Shelby Lynne & Allison Moorer
The best relationships between singers are symbiotic yet mystical. They bear the demands of the song and revolve around what it needs without discussion. Whether it’s a shared sixth sense or finely tuned intuition, no one has to ask who takes what part. It doesn’t matter anyway — they are of equal importance when two voices nestle seamlessly into a melody, almost imperceptibly gliding across each other when it’s time to switch. It’s not a trick but a sacred dance.
Sisters Shelby Lynne and Allison Moorer, now with twenty-four albums and Grammy, Oscar, and many other kinds of awards and nominations between them, share that kind of transcendent musical bond. It’s as deep, haunting, knowing, and beautiful as the Alabama woods they once called home. Both sang as soon as they could form words, but music is the only language they have ever needed to communicate with and understand each other. Not Dark Yet offers a glimpse into that understanding for the first time and finally, after years of trying to get it made, at the right time. Produced by Teddy Thompson and recorded in Los Angeles during the summer of 2016, the album provides a potent look at their individual and collective artistry through eclectic song choices from writers ranging from the Louvin Brothers, Nick Cave, Kurt Cobain, and back to Jessie Colter. Shelby and Allison wrap their arms around the past, plant their feet in the present, and nod toward what’s around the bend with a co-written “Is it too much,” to close out the ten-song set.
Not Dark Yet is not a duet record. It is no ordinary collaboration. It is not a creation, but rather a celebration of something that has always been, two voices becoming one and finding home within each other.
was destined to be a singer. Born a singer. She was raised in rural Alabama by musical parents who stressed individuality and the importance of standing apart from others. A terrible student, but avid reader, she loved the written lyric and a beautiful melody. Around the house she was surrounded by country music from the past, Hank Williams, Dottie West, Waylon Jennings, as well as old 45?s that belonged to her parents stacked high with most all Everly Brothers, Beatles, Elvis. It was the old pop music that really turned her soul on. The harmonies that came so naturally to her from such an early age stemmed from her mother, a naturally gifted singer, who guided the diamond in the rough talent on rides to school on freezing Alabama mornings with her younger sister Allison. They sang three part harmonies to pass the time, which brought the threesome so close in life, and in music. The Mills Brothers, Ink Spots, Kay Starr, Everly’s and anything that needed a harmony – this was the car in which to find it.
Shelby started playing guitar by age seven in order to accompany herself on these songs. Her father was a weekend guitar player in bands and bars and taught her a three-chord progression in E, and from there the hunger for more was so intense she learned the rest on her own. By high school graduation, her mind was made up and a trip to Nashville was inevitable. Married to her high school sweetheart with dreams of country music success in mind, they packed and moved to Music City where she met veteran songwriter Bob Tubert. With only a cassette demo in hand, he took a chance and played the tape for the TV producer of a long since gone program on the Nashville Network called “Nashville Now,” hosted by Ralph Emory. After the performance, she was offered a record deal by CBS Records where legendary producer Billy Sherrill came out of semi retirement to produce her first record. It included a duet with country legend George Jones, who praised Lynne’s ability to “own” a song at such an early age.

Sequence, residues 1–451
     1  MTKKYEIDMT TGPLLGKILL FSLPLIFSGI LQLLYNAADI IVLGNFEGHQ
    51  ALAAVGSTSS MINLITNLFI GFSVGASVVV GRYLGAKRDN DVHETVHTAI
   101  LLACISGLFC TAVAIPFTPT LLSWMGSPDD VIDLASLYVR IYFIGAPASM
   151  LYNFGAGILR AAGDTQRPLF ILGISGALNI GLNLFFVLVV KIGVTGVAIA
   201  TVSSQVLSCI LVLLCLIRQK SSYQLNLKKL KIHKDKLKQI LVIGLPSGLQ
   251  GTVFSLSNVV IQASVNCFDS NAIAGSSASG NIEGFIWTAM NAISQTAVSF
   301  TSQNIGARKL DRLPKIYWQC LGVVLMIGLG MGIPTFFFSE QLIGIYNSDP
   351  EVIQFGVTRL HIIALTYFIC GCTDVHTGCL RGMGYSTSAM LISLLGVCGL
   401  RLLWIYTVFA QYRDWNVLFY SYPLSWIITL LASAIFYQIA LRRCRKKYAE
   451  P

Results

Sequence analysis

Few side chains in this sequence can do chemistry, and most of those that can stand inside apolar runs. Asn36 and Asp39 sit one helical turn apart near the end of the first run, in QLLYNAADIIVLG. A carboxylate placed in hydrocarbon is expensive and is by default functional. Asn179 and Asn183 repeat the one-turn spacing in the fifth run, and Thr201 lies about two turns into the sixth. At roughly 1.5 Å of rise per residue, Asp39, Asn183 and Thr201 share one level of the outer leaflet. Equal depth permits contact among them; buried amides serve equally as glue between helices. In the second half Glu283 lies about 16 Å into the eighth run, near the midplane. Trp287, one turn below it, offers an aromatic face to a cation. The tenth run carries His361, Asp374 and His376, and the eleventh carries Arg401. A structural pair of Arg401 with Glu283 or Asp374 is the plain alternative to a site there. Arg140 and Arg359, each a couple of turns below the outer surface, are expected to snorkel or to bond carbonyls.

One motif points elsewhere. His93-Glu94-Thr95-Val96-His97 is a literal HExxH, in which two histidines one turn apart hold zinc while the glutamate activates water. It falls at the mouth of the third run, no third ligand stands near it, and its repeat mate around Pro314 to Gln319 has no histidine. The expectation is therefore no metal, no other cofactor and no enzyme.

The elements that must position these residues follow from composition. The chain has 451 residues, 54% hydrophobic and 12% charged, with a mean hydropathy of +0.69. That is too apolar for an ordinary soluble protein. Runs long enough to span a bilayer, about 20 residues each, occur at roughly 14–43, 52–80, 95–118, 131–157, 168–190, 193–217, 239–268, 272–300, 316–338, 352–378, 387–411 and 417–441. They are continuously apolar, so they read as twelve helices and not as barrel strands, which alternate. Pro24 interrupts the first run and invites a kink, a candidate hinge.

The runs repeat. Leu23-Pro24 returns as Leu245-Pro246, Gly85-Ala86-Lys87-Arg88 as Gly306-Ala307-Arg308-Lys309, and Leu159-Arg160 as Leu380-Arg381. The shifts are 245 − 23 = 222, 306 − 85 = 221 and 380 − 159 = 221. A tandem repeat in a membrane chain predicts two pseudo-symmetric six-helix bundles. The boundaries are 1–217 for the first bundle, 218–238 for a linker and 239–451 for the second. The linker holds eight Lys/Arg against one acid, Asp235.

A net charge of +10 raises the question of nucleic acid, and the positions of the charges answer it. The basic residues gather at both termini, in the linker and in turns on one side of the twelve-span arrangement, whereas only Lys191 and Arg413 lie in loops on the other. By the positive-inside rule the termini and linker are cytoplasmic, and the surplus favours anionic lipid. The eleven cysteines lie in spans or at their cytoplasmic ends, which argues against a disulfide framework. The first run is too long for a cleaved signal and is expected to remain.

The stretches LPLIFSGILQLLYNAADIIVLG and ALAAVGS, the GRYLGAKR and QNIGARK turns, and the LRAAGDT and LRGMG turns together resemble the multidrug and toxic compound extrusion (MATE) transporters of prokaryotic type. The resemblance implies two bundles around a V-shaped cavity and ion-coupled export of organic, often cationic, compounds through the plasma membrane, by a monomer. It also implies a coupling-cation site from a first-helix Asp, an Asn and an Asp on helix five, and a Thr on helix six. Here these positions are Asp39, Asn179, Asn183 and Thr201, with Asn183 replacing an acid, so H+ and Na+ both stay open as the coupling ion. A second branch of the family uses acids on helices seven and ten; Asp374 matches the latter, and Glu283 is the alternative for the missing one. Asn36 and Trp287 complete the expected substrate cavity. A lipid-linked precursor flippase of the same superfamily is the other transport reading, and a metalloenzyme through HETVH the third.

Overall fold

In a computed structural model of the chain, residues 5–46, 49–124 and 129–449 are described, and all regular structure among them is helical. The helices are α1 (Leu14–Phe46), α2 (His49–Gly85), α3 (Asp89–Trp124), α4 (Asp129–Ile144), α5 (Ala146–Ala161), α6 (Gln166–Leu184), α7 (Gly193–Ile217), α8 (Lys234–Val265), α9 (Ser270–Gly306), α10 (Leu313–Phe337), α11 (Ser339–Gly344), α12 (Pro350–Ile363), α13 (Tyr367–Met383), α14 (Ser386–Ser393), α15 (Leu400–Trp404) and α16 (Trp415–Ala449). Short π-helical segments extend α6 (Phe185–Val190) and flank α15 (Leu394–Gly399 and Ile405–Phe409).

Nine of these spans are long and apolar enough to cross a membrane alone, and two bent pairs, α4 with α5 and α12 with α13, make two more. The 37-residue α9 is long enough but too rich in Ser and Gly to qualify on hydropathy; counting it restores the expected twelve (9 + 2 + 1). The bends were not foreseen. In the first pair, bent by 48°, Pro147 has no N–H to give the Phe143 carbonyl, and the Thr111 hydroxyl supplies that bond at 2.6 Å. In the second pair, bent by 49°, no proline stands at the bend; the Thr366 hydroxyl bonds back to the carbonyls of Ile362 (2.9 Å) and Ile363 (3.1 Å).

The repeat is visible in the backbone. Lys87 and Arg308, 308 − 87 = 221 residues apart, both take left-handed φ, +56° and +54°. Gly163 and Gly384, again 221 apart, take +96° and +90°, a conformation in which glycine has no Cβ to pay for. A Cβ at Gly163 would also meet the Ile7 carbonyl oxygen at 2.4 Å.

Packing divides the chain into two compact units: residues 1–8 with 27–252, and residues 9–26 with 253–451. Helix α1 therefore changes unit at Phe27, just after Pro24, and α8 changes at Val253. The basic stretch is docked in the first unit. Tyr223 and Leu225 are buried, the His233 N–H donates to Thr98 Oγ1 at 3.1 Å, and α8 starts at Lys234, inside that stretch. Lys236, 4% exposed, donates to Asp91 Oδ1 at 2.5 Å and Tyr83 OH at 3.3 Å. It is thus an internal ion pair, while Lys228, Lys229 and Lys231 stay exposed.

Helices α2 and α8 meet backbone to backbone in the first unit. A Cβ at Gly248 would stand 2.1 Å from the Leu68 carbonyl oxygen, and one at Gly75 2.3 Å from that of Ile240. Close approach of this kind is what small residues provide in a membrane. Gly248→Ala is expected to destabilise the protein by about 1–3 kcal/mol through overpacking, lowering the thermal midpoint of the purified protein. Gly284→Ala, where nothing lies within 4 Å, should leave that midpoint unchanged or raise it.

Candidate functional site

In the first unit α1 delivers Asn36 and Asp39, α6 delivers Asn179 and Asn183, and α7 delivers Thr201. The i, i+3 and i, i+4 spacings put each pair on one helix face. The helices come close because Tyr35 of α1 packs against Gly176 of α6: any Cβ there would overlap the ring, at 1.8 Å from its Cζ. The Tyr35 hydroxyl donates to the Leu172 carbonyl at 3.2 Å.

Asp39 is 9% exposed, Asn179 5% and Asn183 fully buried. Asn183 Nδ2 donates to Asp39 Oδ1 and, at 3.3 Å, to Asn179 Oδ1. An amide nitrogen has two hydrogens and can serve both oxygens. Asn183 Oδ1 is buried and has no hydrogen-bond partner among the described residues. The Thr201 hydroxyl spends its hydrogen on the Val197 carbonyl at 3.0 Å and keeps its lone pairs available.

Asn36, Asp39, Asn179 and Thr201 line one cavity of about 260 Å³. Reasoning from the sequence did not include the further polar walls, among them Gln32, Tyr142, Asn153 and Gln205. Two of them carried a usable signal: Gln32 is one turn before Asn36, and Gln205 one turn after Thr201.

After five albums in Nashville, Lynne was hungry for a change from the Nashville system and searched for a record producer who wanted to collaborate on a project. She enlisted Bill Bottrell, who had produced for Michael Jackson, Madonna, and had big success with Sheryl Crow on the highly successful Tuesday Night Music Club. The album, I Am Shelby Lynne, was recorded on the Northern California coast in 1998.
With the critical success and recognition of I Am Shelby Lynne, she was awarded the Best New Artist GRAMMY® in 2000 – after nearly 13 years in the business. Love, Shelby was released in 2001, followed by a pair of intimate, self-produced albums – Identity Crisis (2003) and Suit Yourself (2005). She made her acting debut in 2005, playing Johnny Cash’s mother in the Fox Searchlight motion picture Walk the Line. Just a Little Lovin’, her critically acclaimed tribute to Dusty Springfield, was released in 2008.
Never one to go with the crowd, Shelby continues to stand apart from the mainstream music world. She recently founded her own label, EVERSO RECORDS. Lynne’s Tears, Lies, And Alibis, EVERSO’s first release, debuted at No. 16 on Billboard’s Top Independent Albums chart in April of 2010. A Top 10 hit at Americana radio, it was hailed by Newsday as “her strongest album in a decade,” a sentiment echoed by numerous critics. She followed Tears, Lies, And Alibis with her first-ever holiday collection, Merry Christmas, released in the fall of 2010.
Revelation Road – Shelby’s most personal record yet – was released on October 18, 2011. She wrote, recorded and produced the album, which included the single ““Heaven’s Only Days Down The Road.” The track was tapped by NPR Music as the “Song of the Day” and the accompanying video was added by CMT. After a yearlong solo acoustic tour, she released Revelation Road Deluxe Edition. In addition to the original disc, the box set included her first-ever live album, Live At McCabe’s, and her first live DVD, Live In London, plus five bonus acoustic tracks, a documentary on the making of Revelation Road and more.